Movement

If you’ve gotten this far in the article, this next topic surely won’t be mind-blowing, but it might be THE most important tip in this article: GO MOVE YOUR BODY. This movement tip is two-fold, both during the act of traveling and also once you have arrived at your destination. When traveling, do not allow yourself to sit for extended periods. Every 60 to 90 minutes, get up and walk around, perform a set of 10 – 20 air squats or lunges, or sit in a deep squat whenever you can. Movement will help keep your joints and back feeling better and reduce the stiffness associated with traveling. Once you’ve arrived at your destination it’s time to move again. Head to either your hotel room, gym or the closest box and break a sweat. We recommend a low-to-moderate intensity 20-30 minute workout that will get you out of breath and sweaty. In your workout, incorporate movements that are full body and have big ranges of motion (think wall balls, thrusters, rowing, running, etc.). This workout will not only help your joints feel better, but they will help clear your head and improve your mood after a stressful travel session. Post-workout, spend 20 to 30 more minutes stretching and mobilizing to ensure you don’t feel the effects of sitting for an extended period of time.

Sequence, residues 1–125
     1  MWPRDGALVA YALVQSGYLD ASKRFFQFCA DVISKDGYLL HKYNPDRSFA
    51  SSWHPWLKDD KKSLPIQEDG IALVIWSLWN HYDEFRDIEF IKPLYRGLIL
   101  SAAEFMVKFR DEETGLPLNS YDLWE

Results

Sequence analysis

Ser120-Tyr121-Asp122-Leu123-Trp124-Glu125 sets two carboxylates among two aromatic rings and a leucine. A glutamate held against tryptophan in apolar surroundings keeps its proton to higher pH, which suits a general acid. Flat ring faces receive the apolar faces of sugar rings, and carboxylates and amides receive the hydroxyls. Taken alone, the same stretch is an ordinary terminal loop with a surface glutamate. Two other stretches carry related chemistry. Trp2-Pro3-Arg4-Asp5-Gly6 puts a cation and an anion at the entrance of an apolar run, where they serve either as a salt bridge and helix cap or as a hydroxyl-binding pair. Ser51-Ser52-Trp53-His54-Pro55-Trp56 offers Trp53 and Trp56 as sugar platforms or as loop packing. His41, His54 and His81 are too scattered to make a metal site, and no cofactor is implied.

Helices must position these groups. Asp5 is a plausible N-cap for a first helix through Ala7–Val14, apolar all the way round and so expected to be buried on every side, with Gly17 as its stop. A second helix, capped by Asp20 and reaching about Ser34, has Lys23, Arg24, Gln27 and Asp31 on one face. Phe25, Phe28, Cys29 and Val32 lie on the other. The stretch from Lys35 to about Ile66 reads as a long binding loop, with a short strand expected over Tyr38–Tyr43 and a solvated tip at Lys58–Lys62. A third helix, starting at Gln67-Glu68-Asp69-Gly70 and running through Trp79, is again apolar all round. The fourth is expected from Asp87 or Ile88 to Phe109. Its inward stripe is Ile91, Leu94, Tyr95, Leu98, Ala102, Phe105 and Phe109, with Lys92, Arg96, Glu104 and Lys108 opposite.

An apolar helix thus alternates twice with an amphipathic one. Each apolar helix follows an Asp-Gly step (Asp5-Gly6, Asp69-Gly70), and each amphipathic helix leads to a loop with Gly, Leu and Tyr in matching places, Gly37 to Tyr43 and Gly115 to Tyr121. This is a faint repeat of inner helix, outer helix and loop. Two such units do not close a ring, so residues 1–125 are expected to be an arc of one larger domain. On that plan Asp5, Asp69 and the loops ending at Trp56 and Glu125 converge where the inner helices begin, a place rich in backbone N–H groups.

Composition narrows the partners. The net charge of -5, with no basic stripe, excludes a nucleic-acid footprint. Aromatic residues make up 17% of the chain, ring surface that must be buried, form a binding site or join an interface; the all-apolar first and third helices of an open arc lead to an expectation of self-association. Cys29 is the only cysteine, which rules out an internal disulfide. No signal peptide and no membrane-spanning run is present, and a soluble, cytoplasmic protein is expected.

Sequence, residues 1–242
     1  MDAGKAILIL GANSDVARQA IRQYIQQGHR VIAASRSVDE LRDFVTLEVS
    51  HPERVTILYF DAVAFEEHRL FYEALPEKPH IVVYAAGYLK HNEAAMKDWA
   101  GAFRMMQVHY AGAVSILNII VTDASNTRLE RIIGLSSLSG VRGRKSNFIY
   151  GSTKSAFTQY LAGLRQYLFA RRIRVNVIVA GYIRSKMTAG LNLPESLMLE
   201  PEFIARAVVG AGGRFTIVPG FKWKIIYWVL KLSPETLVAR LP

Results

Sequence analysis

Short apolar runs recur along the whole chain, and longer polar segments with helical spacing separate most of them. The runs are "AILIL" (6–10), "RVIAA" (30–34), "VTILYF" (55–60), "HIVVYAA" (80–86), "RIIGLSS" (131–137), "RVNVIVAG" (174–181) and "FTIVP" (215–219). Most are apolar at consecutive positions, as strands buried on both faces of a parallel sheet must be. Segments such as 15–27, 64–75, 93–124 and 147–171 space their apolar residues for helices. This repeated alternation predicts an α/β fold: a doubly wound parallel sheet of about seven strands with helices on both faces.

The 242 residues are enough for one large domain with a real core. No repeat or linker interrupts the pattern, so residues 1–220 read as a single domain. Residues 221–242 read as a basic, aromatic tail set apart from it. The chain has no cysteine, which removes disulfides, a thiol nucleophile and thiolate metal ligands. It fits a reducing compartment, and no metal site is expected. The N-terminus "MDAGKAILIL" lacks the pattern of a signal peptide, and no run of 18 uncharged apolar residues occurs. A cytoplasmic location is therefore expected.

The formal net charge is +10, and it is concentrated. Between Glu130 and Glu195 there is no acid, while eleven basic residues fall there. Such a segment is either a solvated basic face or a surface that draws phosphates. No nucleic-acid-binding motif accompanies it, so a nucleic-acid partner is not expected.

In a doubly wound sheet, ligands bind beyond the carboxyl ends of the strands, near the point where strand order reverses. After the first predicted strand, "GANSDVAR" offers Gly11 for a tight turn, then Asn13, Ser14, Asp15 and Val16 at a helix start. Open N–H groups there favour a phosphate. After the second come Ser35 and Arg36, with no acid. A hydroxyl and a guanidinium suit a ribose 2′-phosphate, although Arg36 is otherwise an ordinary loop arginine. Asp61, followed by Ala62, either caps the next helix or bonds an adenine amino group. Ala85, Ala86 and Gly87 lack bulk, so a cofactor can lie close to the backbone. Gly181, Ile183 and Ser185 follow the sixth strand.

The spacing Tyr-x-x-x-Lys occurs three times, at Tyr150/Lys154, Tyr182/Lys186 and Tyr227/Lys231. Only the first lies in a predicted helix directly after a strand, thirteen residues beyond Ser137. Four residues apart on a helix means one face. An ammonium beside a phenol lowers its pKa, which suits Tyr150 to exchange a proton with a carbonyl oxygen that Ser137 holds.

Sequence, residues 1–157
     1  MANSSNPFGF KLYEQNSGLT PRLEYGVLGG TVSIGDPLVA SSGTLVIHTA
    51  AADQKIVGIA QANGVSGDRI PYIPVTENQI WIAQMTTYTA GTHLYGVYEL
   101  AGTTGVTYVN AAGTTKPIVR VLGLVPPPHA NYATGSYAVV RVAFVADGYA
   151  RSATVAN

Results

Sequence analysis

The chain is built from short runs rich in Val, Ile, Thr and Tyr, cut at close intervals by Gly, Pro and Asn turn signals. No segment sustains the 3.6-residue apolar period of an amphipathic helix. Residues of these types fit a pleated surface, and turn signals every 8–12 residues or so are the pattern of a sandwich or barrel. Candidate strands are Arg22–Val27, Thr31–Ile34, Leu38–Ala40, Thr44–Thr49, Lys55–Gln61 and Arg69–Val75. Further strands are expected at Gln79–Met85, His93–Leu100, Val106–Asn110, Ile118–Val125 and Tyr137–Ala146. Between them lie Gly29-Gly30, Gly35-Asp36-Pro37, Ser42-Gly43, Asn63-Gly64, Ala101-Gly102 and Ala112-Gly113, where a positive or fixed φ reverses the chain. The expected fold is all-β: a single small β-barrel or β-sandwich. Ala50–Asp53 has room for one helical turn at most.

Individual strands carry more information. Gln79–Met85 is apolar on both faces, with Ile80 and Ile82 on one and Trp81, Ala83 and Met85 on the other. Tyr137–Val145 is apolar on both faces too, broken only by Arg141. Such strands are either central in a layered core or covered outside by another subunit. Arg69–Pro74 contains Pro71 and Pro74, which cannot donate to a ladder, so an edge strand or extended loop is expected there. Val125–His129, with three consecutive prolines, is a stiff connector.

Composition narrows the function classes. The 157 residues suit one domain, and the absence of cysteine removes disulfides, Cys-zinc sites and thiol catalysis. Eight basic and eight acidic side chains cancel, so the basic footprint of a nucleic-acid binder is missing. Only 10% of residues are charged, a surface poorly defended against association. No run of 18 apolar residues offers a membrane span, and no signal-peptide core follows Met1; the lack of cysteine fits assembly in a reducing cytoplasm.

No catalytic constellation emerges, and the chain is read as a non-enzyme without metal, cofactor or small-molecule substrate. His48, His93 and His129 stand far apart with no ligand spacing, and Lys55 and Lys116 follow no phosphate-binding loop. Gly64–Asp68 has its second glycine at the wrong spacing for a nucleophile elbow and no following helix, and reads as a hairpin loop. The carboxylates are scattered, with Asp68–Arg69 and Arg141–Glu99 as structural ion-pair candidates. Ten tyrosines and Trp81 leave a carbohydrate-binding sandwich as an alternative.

Get Outside

Traveling across time zones is even more stressful. The ability to move vast distances in a rapid amount of time is something humans have been able to do only recently, and is quite unnatural. Jet lag is real folks, but fortunately you have a quick and easy solution to help combat traveling through time zones: getting outside. Once your traveling is done, get yourself outside and reset that diurnal clock. Not only will spending time outdoors allow you to get some Vitamin D (another essential micronutrient directly related to your hormones), it will assist your body in adjusting your biological clock while also serving as a mental reset. This combined with movement will significantly reduce jet lag. You can kill two birds with one stone and go for a nice easy run outside when you get to your destination.

Sleep

The last tip is getting quality sleep. When you arrive at your location, set yourself up for a great night by lowering the temperature of the room you’ll be sleeping in, blocking out external light sources, and finding a way to create some white noise so that you aren’t distracted by extraneous noises. Aim for 5-7 90-minute sleep cycles so that when you restart the following day, you feel refreshed and ready to crush whatever comes your way.

Traveling will be stressful, but there are plenty of things you can do to mitigate that stress. Put these simple tips into practice and you will find yourself less affected by travel, and you’ll be ready to compete at the level you’ve worked so hard to get to.

 

Written by Matt Sherburne